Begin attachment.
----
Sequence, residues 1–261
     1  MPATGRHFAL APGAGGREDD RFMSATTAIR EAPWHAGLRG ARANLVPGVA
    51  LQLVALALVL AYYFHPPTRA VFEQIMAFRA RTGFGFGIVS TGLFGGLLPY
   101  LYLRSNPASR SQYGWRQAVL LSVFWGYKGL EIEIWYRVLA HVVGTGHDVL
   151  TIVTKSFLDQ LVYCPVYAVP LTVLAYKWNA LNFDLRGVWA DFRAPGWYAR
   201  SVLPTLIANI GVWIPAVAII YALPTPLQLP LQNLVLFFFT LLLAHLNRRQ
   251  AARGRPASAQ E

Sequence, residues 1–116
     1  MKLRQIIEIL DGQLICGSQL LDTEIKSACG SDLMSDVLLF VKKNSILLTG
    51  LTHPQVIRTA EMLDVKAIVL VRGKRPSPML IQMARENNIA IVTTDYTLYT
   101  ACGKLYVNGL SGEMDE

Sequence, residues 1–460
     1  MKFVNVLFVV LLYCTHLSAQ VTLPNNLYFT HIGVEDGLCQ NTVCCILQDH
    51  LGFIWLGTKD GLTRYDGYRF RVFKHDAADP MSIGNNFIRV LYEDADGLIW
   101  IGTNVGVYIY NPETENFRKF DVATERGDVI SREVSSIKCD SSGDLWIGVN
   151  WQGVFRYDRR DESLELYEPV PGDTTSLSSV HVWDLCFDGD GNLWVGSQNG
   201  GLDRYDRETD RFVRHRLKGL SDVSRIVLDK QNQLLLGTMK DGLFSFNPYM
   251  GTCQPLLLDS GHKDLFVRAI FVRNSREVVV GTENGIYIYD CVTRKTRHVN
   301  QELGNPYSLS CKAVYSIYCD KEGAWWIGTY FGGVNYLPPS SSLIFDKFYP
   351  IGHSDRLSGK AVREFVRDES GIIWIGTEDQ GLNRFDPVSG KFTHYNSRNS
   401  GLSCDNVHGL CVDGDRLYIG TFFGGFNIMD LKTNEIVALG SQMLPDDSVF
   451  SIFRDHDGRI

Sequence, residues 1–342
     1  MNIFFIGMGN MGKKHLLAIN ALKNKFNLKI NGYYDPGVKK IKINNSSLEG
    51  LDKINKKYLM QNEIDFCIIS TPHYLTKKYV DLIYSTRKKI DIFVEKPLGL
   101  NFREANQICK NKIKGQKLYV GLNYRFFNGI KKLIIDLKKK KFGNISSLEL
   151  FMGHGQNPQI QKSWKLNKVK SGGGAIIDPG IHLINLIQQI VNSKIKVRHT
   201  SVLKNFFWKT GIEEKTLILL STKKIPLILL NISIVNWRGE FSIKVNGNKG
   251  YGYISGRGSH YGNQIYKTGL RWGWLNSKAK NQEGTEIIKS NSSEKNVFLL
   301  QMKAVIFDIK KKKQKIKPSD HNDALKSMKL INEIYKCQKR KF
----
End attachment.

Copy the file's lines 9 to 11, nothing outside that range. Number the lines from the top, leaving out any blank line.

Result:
     1  MKLRQIIEIL DGQLICGSQL LDTEIKSACG SDLMSDVLLF VKKNSILLTG
    51  LTHPQVIRTA EMLDVKAIVL VRGKRPSPML IQMARENNIA IVTTDYTLYT
   101  ACGKLYVNGL SGEMDE